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The Quest for the Ultimate Live Sax Microphone

Monday, October 17th, 2011 | by


As a Jazz musician, I spend a lot of time on the road being exposed to a great variety of concert halls, jazz clubs and outdoor jazz festivals. Each space presents a complex set of variables that a sound engineer has to deal with in order to translate the acoustic sound from the stage to the audience. How successful this endeavor is depends on the expertise of the engineer, his familiarity with the space, his ears and common sense, and his budget.

From experience I can tell you that in just two out of 10 concerts do live-sound engineers get it right. But four to five of the 10 concerts are an absolute disaster regarding the mix that the audience gets and the mix that the musicians get through the monitors.

Marc Mommaas at Circulo de Bellas Artes in Madrid; photo credit Maurits Mulder
Photo: Maurits Mulder

Now, part of being an experienced musician is that one plays strong and with a clear head no matter the circumstances; that is part of one’s road chops and it comes with the territory so to speak. But lately I dedicated some time to finding a microphone that works for me, with the purpose of taking at least one variable out of the live-sound equation.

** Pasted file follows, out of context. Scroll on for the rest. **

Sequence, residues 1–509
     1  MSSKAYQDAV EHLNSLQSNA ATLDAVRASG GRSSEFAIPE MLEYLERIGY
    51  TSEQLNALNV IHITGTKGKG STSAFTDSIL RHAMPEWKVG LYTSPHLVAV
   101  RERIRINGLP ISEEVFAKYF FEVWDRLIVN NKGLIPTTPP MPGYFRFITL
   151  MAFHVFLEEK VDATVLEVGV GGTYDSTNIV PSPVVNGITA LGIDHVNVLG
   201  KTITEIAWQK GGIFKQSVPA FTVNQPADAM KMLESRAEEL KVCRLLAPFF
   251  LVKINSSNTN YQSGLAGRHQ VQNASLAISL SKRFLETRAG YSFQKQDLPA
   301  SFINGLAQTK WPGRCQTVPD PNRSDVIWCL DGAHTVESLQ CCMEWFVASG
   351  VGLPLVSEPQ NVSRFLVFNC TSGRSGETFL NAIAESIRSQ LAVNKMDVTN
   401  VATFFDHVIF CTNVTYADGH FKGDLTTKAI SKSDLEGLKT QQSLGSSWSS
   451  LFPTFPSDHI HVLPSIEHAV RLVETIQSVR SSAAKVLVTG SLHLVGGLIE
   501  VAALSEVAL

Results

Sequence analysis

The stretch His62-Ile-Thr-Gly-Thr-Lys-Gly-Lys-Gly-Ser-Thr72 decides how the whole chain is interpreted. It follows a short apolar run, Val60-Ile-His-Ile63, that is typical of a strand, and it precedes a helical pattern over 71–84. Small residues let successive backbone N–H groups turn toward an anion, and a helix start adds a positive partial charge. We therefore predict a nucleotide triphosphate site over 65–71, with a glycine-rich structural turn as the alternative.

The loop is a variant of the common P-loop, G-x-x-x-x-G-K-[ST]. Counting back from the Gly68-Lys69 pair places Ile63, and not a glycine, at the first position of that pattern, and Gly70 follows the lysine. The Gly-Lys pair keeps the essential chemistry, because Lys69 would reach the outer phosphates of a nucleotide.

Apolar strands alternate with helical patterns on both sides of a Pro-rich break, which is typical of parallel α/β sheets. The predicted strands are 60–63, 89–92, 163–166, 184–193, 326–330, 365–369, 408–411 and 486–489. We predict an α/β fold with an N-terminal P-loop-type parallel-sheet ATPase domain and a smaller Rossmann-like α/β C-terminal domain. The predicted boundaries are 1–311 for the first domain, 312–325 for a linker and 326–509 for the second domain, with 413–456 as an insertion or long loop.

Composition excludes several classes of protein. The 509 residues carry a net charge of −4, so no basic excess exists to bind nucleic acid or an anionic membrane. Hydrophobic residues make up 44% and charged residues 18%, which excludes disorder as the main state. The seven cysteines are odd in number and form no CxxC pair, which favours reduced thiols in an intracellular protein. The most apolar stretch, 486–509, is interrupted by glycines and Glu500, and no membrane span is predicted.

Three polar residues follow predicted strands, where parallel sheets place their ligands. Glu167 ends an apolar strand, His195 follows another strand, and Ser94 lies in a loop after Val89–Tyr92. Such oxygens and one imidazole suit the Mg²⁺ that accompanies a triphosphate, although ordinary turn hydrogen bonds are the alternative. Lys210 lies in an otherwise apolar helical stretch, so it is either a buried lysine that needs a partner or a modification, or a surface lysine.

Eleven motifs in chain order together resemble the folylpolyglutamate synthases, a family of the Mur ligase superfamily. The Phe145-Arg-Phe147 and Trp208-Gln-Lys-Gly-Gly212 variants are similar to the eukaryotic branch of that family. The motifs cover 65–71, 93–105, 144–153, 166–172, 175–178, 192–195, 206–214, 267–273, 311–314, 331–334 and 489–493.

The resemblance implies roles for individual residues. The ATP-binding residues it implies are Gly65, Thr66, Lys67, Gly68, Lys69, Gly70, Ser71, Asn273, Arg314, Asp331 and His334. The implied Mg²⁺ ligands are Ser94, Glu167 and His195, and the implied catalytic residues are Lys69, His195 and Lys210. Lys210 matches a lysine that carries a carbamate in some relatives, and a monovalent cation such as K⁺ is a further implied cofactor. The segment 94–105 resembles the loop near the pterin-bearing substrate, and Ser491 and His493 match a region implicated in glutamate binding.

There are a few practical criteria that limit the choice of microphones substantially. First there has to be the understanding that the stage is not a recording studio. There are other instruments, causing a certain amount of bleed. Therefore the sensitivity of a mic and its pickup pattern must to be taken into consideration. Also we have to anticipate sound engineers who have no business being behind the board. Therefore, forget about pre-amps and phantom power specifics. If you have a beautiful ribbon mic, the engineer can kill it with one wrong move on the board. (There are designs on the market that have built-in protections — I believe it is a dart with poison that shoots at the engineer.)

Then there is another detail: as a traveling musician, I can only bring one bag (my horn) as hand luggage and one carry-on (shoulder-bag with laptop, etc.). Therefore, ideally the microphone is small enough to fit in the case with the horn.

Now let’s get to the saxophone in relationship to the microphone. The sound of a saxophone comes out of all the tone holes in the horn, not only the bell. This means that the mic needs to cover, on average, 20 inches from the top to the bottom of the horn, with the sweet-spot being the center 15 inches.